Potential Payoffs for the Value Chain

Food Safety

One of the most difficult risks for a food processing firm to manage is the potential of contamination of raw materials.  And for a branded-product food company, a food safety scare can be disastrous.  The improved measurement and monitoring of soil preparation, growth, harvesting, storage and handling, and processing processes that have the potential to be part of precision farming in the future will enable trace-back from end-user through the production/distribution chain which is the only secure method of guaranteeing food safety.  If food safety concerns continue to increase and consumers demand more documentation that food products are in fact safe, precision farming has the potential to become one of the most effective ways of providing that documentation and reducing the risk of food contamination.


A growing number of food processors and retailers are responding to the “sustainability” concerns of their customers by requiring their suppliers to meet what they have specified as sustainability criteria, and document their sustainability practices.  Some food retailers have or are considering adding a “sustainability” label to their food products much like the nutrition label that they currently carry.  These “trust your food” initiatives are expected to expand.  Precision farming provides the capability to execute and document the sustainability practices increasingly required to be a “qualified supplier” in a more demanding supply chain.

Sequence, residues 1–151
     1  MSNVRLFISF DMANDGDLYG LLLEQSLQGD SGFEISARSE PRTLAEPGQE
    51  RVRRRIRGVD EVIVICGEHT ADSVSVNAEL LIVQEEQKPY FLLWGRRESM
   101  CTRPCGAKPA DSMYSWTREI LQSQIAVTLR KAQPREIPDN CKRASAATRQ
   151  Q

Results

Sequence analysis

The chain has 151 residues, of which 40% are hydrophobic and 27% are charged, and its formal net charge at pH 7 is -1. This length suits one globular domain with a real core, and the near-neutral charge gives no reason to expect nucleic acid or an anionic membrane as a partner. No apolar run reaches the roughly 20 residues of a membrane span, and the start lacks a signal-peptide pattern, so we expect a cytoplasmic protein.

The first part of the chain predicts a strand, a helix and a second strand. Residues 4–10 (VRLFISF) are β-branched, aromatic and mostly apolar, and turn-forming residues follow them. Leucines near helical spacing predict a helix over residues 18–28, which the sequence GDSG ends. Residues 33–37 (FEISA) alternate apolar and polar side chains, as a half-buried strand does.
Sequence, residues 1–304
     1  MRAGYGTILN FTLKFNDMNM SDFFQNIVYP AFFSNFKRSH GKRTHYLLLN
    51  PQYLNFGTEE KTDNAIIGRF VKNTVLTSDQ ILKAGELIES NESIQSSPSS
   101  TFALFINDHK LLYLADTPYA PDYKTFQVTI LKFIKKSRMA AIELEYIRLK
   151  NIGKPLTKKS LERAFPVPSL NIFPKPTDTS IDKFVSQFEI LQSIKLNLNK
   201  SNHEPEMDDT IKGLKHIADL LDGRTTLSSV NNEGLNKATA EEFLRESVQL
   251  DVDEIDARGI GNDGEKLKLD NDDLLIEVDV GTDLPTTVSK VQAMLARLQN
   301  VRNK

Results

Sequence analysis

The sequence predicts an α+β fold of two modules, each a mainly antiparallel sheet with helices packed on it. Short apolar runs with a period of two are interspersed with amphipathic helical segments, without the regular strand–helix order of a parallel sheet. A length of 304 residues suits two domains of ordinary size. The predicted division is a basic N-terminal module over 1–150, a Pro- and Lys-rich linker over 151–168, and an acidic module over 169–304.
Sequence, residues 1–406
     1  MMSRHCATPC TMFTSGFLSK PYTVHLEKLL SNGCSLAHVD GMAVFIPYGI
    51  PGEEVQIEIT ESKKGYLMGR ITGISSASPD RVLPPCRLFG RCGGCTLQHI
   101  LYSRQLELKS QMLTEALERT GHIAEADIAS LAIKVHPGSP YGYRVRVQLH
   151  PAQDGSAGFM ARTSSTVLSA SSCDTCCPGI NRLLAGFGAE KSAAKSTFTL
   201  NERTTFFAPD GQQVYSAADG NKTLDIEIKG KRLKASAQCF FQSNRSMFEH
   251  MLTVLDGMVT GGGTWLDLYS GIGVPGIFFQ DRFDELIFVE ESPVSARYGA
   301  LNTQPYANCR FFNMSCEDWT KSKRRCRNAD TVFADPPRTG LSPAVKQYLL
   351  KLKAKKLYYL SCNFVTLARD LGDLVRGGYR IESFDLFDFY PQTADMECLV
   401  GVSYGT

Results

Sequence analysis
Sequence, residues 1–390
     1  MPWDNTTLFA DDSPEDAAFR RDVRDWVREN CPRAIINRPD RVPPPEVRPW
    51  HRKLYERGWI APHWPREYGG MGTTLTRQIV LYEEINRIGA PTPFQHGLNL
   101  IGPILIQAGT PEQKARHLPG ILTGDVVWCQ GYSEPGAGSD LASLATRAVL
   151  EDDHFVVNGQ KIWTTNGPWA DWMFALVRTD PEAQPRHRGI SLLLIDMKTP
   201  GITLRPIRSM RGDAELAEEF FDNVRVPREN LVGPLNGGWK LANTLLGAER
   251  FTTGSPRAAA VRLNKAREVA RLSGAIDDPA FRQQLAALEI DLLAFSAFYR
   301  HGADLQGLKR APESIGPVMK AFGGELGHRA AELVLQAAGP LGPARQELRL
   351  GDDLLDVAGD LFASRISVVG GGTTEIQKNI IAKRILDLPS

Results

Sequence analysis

Not unrelated to the increasing concerns of food consumers about food safety and sustainability is the issue of traceability and the chain of custody.  If there is a food safety issue or contamination of a food product, consumers as well as food companies and government officials are eager to quickly uncover the source and take mitigating action.  Tracking and tracing at the farm gate level to uncover sources of contaminant is significantly enhanced with precision farming tools that have recorded the use of specific agronomic and production practices.  Likewise, similar documentation can be used to verify that sustainability criteria have been met, or what adjustments might be needed to maintain “qualified supplier” status.

Potential Payoffs for the Environment

Reduced Fertilizer and Chemical Leaching and Runoff

More precise applications of fertilizer and insect and weed control in terms of location, timing, and amount to better match plant needs should reduce leaching and runoff into ground and surface water and the resulting deterioration of water quality.  Undoubtedly, this potential exists, but what if the precision farming recommendations are for the highest application rates on the soils closest to a stream or waterway or with a shallow water table and heavy rains occur shortly after application.  Precision farming has the potential to reduce environmental degradation of water sources, but we need to monitor and measure this phenomenon to be sure we are obtaining the expected results.

Conserving Irrigation Water

In some locations in the U.S., particularly in the Southern Plains, the availability of water for irrigation purposes is declining because utilization and draw-downs exceed recharge rates for underground as well as surface water sources.  Use of precision farming technology to manage irrigation systems by applying water at the needed amount at the right location and at the right time has been shown to significantly increase efficiency and effectiveness of irrigation, and thus conserve increasingly scarce water resources.